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Ammo Are vintage Sheridan pellets better than modern pellets?

Are vintage Sheridan pellets better than modern pellets?

by B.B.Pelletier

Announcement: Mathias Moe Varga is this week’s winner of Pyramyd Air’s Big Shot of the Week on their facebook page. He’ll receive a $50 Pyramyd AIR gift card.

Mathias Moe Varga submitted the above photo of Miles Alexander Varga, who got in some shootin’ with his Crosman XT air rifle.

Today is Friday, and I’ve already written a couple reports this week that belong on a Friday blog, but a question came in from a shooter who will probably never read this report — yet, it was so intriguing that I wanted to answer it for you today.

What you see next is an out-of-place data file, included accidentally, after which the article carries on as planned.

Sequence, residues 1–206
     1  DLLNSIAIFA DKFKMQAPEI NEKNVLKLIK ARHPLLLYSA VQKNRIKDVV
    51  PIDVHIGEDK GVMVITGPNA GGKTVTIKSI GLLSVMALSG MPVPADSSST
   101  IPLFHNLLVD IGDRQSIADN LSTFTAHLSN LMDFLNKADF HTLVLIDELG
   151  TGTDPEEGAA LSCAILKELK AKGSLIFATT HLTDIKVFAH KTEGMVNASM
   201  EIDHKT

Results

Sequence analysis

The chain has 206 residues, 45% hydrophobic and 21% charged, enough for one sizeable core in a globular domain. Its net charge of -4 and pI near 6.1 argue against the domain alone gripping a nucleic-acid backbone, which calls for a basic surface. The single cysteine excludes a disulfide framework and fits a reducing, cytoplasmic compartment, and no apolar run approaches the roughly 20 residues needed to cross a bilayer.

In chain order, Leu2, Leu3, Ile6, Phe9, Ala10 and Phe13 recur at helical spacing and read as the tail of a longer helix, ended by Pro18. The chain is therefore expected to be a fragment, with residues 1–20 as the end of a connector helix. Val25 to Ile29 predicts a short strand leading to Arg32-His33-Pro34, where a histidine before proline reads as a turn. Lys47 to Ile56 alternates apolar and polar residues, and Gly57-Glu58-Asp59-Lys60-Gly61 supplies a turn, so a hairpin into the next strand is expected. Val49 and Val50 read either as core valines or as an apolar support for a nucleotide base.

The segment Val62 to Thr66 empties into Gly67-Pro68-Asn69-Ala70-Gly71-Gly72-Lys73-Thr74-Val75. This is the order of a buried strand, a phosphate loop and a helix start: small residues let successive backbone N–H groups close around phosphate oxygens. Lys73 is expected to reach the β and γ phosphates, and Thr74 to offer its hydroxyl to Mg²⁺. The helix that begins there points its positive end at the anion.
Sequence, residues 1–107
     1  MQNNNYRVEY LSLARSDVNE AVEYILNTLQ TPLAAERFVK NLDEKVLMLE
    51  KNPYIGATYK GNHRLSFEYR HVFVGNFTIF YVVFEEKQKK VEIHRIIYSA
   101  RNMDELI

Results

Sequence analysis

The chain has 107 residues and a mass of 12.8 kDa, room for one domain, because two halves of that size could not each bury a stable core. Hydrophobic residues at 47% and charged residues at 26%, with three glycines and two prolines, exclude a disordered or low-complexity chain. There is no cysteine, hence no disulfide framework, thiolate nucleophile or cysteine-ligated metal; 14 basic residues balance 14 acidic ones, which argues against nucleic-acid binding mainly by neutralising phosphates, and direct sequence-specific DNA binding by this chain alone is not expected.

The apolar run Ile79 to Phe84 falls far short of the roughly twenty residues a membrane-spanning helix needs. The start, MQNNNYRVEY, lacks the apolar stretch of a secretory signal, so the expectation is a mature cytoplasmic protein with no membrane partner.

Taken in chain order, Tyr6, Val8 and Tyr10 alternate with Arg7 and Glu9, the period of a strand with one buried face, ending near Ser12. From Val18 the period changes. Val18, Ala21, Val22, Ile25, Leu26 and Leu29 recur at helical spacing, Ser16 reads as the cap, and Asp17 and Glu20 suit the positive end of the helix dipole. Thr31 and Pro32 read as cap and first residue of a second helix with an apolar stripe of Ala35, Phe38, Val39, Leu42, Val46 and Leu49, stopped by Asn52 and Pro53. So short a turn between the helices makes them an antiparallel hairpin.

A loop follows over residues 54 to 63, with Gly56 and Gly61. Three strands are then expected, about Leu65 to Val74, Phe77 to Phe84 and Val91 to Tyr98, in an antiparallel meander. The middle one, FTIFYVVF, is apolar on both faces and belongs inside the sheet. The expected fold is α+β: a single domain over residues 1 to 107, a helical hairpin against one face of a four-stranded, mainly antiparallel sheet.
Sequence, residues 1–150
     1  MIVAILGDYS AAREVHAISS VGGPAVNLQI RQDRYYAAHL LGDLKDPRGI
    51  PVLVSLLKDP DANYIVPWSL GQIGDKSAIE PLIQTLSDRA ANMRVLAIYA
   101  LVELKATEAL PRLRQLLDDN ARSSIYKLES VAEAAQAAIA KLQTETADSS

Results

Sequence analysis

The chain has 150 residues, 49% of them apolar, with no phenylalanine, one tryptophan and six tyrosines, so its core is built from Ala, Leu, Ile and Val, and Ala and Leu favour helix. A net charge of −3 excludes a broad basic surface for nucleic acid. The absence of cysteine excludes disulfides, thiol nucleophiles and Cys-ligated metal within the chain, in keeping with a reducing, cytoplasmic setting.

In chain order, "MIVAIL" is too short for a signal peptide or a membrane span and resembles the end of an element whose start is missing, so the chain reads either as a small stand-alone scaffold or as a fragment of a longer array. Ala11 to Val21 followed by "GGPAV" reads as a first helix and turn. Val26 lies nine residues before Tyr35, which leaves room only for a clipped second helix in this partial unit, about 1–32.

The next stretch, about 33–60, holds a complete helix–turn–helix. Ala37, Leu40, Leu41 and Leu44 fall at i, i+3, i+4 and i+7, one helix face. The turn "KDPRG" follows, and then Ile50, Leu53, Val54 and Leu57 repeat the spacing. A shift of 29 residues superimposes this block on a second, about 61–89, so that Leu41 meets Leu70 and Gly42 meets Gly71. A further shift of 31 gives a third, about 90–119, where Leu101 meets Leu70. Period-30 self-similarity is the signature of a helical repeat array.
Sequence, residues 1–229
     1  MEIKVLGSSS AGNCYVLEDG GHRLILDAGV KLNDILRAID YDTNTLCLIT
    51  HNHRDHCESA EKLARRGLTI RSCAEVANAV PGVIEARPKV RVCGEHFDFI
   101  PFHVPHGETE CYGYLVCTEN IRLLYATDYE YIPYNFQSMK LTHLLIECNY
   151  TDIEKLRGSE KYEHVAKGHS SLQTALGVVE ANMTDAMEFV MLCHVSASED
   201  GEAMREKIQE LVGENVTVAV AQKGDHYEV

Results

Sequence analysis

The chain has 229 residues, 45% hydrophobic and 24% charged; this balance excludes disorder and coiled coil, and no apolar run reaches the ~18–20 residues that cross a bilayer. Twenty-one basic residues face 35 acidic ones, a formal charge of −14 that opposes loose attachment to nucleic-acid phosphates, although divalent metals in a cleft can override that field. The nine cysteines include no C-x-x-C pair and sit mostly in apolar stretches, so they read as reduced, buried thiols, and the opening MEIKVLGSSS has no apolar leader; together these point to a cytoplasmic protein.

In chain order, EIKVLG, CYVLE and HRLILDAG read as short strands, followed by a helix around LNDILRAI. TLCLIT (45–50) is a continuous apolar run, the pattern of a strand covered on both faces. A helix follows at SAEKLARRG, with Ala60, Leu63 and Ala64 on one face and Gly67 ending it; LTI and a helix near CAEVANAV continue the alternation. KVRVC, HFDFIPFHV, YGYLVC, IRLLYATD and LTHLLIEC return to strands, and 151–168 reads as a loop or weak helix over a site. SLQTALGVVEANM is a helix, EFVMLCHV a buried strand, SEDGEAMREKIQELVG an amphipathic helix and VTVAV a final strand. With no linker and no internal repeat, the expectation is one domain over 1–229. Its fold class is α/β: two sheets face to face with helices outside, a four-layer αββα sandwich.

This shooter owns a vintage Sheridan multi-pump pneumatic, and he’s been perplexed for years because .20-caliber Crosman premier pellets are not carried in stores. He remembers the old cylindrical pellets that used to come in the red and white tins and later in the yellow plastic boxes, but he doesn’t know if any .20-caliber pellets are still being made today.

This is the box that vintage Sheridan cylindrical pellets came in when Sheridan was still in business (before Benjamin bought them…and then Crosman bought Benjamin).

Vintage Sheridan cylindrical pellets. Notice the small driving band at the base, which engages the rifling.

Of course, they’re being made and in greater diversity than ever before. But you don’t typically find .20-caliber pellets at a sporting goods store, and they’re never found at a discount store. The best selection will be found on the internet.